While it’s comforting to think that a professional organisation can now hold your data safe and sound for you in the cloud, cloud DR planning still needs the same careful attention as a solution using any other technology. There are significant business advantages available, not least in terms of financial flexibility and hugely scalable resources, but basic risk analysis and identification now can save tears later. Think business common sense, common understanding and agreement with providers, and above all proper testing.
What experience does the cloud provider have of disaster recovery?
Global computing resources and network connectivity does not necessarily equate to a capability to provide disaster recovery facilities. The current strategy of some large IT distributors to bundle together service offerings of cloud compute power with specific DR applications is an indication that they too recognise that it takes more than just multiple data centres to be properly prepared.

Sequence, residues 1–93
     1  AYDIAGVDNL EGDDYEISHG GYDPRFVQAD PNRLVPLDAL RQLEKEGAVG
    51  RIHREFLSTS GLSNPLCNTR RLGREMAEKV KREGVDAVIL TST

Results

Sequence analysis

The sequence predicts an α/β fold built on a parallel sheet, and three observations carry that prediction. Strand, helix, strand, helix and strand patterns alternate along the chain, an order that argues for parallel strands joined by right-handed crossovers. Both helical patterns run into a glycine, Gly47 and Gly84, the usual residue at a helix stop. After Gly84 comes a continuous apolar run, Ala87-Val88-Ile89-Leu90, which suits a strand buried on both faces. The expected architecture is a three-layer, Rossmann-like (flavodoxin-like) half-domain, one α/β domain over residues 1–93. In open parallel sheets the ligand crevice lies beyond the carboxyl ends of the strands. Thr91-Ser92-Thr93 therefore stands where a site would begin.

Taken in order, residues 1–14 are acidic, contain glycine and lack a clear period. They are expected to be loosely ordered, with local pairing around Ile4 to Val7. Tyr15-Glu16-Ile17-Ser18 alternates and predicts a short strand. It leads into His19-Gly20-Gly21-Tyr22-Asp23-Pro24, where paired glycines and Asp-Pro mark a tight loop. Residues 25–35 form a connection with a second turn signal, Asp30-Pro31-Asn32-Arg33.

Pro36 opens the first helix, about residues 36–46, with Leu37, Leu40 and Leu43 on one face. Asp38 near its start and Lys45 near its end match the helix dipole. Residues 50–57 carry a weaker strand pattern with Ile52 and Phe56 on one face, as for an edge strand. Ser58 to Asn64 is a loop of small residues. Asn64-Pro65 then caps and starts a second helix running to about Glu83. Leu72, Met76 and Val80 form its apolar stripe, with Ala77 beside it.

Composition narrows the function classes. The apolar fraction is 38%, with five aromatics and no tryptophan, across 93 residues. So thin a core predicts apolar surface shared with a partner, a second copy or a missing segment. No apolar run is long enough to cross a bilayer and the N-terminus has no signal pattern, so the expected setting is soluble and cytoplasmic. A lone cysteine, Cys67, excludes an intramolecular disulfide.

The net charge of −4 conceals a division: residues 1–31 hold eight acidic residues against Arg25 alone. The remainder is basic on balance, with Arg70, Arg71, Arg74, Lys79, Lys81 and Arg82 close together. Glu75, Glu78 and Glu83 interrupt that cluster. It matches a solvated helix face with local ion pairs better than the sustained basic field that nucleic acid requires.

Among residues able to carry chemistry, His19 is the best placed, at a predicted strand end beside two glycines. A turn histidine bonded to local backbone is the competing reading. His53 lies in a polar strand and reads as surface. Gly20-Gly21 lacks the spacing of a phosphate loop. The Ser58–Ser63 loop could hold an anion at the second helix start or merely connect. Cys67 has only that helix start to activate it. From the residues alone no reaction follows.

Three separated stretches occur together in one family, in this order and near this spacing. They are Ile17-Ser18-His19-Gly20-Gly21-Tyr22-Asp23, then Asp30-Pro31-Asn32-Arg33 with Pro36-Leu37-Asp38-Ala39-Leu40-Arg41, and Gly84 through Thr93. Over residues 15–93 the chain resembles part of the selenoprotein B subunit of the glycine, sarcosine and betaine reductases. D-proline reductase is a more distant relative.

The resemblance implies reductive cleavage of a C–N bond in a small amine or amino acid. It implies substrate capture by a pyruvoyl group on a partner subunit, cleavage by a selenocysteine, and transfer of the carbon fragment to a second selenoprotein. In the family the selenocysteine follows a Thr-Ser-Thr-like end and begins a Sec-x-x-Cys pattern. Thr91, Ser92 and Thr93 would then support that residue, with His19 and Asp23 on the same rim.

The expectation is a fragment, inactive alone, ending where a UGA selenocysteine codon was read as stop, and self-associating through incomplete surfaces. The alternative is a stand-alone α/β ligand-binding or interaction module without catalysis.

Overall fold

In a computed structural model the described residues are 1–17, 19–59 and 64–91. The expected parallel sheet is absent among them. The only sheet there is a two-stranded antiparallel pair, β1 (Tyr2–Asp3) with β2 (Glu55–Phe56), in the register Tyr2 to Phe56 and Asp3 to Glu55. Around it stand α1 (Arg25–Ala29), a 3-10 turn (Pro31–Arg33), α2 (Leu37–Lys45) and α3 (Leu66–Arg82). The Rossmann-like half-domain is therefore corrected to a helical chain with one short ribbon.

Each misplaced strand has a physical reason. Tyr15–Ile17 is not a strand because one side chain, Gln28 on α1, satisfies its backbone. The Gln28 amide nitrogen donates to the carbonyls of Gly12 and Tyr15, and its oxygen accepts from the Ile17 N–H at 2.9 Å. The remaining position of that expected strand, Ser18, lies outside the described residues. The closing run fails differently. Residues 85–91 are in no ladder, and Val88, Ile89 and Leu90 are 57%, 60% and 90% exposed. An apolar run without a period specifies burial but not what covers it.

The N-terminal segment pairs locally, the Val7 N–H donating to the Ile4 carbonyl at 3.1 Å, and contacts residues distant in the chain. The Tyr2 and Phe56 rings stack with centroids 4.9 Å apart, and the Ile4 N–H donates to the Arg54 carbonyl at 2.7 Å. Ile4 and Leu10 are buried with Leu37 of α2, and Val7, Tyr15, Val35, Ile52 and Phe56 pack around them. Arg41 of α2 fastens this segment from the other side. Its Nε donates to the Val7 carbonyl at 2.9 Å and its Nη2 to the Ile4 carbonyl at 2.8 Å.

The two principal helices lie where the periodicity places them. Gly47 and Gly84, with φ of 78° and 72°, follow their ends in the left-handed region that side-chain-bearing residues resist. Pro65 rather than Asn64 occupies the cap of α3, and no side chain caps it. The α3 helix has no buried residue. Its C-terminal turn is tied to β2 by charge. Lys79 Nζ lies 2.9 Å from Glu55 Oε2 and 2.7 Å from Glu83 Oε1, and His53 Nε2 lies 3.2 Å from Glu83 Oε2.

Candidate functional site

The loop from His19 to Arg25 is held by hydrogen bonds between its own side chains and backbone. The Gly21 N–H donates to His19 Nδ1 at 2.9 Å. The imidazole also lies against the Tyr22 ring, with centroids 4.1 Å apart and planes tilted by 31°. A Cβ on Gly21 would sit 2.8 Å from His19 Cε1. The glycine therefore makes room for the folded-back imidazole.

What expectations are they prepared to live up to?
The key elements of DR also still need to be defined and agreed on: for example, the maximum time you can tolerate for your organisation to be without an application (your RTO – recovery time objective), and the maximum amount, in terms of time period, of data you can stand losing, if any (your RPO – recovery point objective).
“First we try, then we trust”
This line from the film “Entrapment” is highly relevant to DR planning in general, and to cloud DR planning in particular. It doesn’t matter what the cloud provider’s reputation, specification or even contractual promises are – you still need to carry out a realistic, practical DR simulation to check that if it comes to the crunch, your organisation can really continue to function properly.